Friday, December 17, 2010

Israeli Jet Downs Flying Object Near Nuclear Plant

JERUSALEM - An Israeli warplane shot down a "suspicious object" flying on Dec. 16 over the southern part of the Dead Sea, the military said, adding that the intruder appeared to have been a balloon.
The country's main nuclear reactor is about 20 miles from the Dead Sea, at Dimona in the Negev desert.
"Air force planes were scrambled after a suspicious object was seen," a military spokeswoman told AFP. "It was shot down." She did not elaborate.
Local news site Ynet said one of the planes fired a missile at the object "which was hovering close to the nuclear research institute at Dimona."
It said the balloon appeared to be powered by an engine, but was unmanned.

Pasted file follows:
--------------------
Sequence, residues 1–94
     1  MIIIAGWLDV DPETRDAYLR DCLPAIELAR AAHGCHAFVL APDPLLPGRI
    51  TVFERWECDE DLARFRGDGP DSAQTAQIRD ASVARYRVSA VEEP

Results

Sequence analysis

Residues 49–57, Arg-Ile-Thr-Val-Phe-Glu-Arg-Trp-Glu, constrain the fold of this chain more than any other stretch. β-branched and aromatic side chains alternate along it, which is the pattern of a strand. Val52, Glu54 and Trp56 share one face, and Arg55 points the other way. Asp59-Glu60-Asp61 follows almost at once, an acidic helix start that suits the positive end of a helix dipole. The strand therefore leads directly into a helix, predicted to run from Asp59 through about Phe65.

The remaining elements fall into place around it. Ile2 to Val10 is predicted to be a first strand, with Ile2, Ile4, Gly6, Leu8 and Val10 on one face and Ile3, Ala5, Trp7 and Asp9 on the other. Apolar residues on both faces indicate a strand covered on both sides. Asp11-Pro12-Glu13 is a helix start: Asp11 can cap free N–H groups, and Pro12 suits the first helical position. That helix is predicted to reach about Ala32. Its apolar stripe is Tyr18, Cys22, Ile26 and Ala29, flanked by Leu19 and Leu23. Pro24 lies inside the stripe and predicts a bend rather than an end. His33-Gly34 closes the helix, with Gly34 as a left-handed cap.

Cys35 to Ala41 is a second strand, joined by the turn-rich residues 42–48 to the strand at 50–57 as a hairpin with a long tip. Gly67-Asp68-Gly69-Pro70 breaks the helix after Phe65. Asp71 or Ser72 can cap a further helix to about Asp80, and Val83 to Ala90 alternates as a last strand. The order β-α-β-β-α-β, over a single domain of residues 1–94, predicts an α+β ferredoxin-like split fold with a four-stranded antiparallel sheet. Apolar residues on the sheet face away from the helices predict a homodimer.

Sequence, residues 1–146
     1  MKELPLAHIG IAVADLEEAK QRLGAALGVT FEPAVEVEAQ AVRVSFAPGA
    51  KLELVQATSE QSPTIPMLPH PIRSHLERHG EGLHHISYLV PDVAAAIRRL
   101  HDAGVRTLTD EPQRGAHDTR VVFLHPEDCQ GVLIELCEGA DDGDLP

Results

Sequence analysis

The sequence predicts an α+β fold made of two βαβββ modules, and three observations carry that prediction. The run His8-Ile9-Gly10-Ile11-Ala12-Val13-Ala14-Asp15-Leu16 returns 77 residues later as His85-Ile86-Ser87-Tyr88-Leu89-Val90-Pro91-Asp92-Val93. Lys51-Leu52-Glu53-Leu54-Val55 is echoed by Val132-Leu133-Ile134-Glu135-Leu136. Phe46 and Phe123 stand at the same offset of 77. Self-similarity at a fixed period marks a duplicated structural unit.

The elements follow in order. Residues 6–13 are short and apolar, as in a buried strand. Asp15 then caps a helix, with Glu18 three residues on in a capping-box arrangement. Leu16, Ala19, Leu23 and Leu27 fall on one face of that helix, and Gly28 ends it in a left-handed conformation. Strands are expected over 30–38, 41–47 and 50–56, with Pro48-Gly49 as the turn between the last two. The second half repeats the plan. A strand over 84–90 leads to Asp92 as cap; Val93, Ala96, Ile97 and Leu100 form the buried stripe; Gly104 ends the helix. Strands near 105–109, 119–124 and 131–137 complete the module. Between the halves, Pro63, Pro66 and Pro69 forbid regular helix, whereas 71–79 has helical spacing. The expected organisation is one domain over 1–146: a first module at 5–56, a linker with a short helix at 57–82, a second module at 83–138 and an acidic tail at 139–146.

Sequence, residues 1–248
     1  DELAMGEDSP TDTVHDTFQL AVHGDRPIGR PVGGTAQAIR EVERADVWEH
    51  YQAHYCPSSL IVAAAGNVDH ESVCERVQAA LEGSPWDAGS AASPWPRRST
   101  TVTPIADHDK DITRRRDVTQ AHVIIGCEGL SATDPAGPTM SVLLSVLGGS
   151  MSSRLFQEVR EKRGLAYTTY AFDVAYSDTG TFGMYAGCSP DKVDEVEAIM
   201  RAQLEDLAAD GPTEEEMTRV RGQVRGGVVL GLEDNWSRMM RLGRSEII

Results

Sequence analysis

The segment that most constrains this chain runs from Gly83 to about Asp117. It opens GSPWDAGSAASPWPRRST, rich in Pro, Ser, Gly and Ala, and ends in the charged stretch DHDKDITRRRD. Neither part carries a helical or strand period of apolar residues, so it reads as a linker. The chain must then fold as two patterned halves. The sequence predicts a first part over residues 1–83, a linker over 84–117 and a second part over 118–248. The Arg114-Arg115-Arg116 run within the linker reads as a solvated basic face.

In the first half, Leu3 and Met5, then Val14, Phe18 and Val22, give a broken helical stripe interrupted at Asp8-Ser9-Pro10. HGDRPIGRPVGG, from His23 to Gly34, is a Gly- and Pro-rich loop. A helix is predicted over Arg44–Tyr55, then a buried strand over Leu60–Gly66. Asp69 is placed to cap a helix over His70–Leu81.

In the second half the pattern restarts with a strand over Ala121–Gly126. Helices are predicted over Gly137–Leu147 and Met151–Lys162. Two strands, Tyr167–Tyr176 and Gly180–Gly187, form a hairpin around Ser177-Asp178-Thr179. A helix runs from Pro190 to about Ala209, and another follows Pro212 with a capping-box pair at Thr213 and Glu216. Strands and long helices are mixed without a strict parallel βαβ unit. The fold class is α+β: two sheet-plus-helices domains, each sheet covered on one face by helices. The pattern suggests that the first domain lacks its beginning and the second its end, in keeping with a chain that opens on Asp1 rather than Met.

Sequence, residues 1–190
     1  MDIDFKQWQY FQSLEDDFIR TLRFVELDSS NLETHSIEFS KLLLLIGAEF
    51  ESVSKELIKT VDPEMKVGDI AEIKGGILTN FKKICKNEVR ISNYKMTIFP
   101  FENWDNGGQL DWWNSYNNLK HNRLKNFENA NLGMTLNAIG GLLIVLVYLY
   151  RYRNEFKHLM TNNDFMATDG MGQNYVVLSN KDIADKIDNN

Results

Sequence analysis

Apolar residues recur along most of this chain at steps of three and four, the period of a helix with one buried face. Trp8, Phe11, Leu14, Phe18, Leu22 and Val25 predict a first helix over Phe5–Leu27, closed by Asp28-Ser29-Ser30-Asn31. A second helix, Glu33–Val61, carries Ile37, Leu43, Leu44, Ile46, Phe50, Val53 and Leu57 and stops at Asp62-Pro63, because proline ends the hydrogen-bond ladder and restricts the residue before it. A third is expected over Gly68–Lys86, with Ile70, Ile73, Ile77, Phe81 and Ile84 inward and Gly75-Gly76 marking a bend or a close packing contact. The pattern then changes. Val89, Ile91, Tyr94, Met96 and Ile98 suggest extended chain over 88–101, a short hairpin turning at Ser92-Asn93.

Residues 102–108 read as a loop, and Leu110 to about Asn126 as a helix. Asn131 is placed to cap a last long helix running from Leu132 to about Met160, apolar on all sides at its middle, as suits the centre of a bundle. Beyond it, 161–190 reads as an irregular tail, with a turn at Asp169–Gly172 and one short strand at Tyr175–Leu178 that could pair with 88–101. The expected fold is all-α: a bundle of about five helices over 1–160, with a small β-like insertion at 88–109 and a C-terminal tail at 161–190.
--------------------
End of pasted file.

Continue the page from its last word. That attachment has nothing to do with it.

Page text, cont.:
Aircraft are forbidden from flying over the reactor near Dimona.
Israel says the reactor is for research purposes, but defense analysts say it is the centre of Israel's undeclared nuclear weapons program. They say Dimona has been used to produce up to 200 nuclear warheads.
The Dimona plant was built with French aid at the beginning of the 1950s.
But Israel has never confirmed or denied reports that it has produced nuclear warheads.
Israel is not a signatory of the nuclear Non-Proliferation Treaty (NPT) and refuses to submit its nuclear facilities to inspection by UN watchdog the International Atomic Energy Agency.

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